Wondering when you’ll save enough money to buy something you really want? Can’t explain why you’ve maxed out your credit cards yet again? Wishing you didn’t feel so guilty every time you bought something?
Chances are the reasons for these internal conflicts are more complex than you might think.
Though income, job security and the economy may play a role in how you’re doing financially, more research is pointing to something a little more personal. Your personality itself may be one of the biggest factors in your money-management situation.
There’s no reason to feel guilty, however. We are all a complex mixture of temperament and life experiences. The good news is that once you figure out what’s steering your financial life, you can choose to venture down a new route.
At a recent conference, Clarksville, Tenn.-based psychologist James Dodson gave participants personality tests to help them see its impact on their relationships with money. There were exclamations of surprise as people resonated with many of the tendencies predicted in the results of the test.
Deborah L. Price, founder and CEO of the Money Coaching Institute, has created simple categories for how individuals view and manage finances. These money personalities are listed below:
* Innocents — These people live in denial about money, are easily overwhelmed and rely heavily on advice from others.
* Victims — These people often live in the past and blame their financial woes on external factors. Many “victims” have been abused, betrayed or have suffered some great financial loss. Until a “victim” faces his or her pain and releases the past, they may experience life as a self-fulfilling prophecy.
* Warriors — These people set out to conquer the money world and are usually seen as successful in the business and financial worlds. “Warriors” are adept investors, focused, decisive and in control. They will listen to advisers, then make their own decisions and rely on their own instincts and resources to guide them.
* Martyrs — Financially speaking, “martyrs” usually do more for others than they do for themselves. They often rescue others. “Martyrs” tend to have a history of self-sacrifice and suffering and sometimes find it difficult to receive from others.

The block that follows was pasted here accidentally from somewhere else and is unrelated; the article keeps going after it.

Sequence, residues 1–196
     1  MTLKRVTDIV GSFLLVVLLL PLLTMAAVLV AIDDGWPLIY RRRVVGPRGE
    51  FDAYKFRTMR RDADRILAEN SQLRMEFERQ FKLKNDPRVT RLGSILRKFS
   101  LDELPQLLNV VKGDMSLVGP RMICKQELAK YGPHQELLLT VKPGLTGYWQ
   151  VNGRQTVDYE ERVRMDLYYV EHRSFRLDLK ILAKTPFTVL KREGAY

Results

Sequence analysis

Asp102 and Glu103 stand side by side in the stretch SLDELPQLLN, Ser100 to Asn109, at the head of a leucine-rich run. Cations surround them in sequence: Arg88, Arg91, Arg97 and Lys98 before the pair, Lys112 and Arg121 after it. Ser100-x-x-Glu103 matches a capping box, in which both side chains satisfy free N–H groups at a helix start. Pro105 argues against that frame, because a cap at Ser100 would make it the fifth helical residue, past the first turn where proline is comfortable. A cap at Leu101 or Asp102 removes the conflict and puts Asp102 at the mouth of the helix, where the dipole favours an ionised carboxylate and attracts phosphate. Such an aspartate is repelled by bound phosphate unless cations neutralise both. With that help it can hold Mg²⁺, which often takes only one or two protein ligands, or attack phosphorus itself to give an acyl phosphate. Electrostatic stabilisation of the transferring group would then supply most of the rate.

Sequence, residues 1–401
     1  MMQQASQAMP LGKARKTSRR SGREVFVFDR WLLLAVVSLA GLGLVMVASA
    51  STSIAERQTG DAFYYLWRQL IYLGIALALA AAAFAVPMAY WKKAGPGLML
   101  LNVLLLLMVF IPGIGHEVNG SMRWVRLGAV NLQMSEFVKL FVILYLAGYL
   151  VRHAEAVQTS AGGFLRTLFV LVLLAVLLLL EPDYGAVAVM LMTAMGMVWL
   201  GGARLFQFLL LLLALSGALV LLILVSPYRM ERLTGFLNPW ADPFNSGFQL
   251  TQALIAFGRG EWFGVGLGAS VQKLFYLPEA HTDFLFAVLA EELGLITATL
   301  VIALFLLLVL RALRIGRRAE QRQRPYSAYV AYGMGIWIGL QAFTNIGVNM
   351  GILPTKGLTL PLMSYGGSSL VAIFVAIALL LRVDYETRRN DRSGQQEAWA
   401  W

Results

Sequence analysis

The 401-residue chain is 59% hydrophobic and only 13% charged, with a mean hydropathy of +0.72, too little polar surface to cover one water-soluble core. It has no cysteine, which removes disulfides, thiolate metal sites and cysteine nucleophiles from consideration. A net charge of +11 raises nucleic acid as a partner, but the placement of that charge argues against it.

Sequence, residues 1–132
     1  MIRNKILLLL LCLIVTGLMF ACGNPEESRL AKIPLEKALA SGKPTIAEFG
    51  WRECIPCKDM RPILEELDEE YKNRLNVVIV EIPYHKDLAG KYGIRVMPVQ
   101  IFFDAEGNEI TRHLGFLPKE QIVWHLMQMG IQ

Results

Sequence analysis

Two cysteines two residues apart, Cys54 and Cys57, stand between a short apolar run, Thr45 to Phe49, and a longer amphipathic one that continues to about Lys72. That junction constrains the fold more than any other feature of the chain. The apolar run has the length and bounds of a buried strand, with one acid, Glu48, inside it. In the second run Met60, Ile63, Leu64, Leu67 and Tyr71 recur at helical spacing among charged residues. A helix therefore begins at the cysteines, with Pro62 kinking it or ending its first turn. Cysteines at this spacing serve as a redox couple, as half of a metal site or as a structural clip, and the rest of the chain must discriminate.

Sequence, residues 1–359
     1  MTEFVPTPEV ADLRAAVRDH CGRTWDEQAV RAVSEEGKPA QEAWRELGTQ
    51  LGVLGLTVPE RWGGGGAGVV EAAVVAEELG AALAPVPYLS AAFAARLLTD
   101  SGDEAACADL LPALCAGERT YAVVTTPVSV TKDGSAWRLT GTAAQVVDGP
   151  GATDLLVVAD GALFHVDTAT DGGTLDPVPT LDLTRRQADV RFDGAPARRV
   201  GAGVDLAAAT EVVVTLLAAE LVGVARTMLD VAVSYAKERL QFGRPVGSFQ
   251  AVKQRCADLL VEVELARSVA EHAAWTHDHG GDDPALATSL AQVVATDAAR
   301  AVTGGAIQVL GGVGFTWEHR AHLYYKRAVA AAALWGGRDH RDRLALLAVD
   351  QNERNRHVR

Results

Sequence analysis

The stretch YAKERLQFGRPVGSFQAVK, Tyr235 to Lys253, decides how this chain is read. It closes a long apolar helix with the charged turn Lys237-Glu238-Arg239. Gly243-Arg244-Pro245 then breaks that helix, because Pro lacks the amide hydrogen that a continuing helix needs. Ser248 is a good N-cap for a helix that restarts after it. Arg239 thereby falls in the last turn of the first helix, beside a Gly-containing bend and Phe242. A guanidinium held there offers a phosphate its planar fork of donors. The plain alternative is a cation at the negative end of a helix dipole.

* Fools — These people really are a combination of “innocents” and “warriors” (but without the discipline). “Fools” are eternal optimists regardless of the circumstances. “Fools” are gamblers by nature and act on impulse.
* Artists — These people are usually on a spiritual or artistic path. They often find living in the material world difficult and frequently have a conflicted love/hate relationship with money. They struggle with money due to their inner conflict that it is either bad or lacking in spirituality.
* Tyrants — These people hoard money, using it to manipulate and control others. Although “tyrants” may have everything they need or desire, they never feel complete, comfortable or at peace. The “tyrant’s” greatest fear is loss of control.
* Magician — The “magician” is the ideal money type. “Magicians” are fully awake and aware of themselves personally and financially. Magicians are armed with the knowledge of the past, have made peace with their personal histories, and understand that their power exists within, in their ability to see and live the truth of who they are. They are who we all should strive to be.
Becoming aware of your money personality is the first key to improving one’s attitude and behavior toward it. In a culture where the vast majority of individuals report feeling some level of money stress, it’s well worth the effort.
Tabi Upton is a therapist at Richmont-CBI Counseling Center and founder of www.chattanoogacounselor.com, a self help resource website. Email her at email@example.com.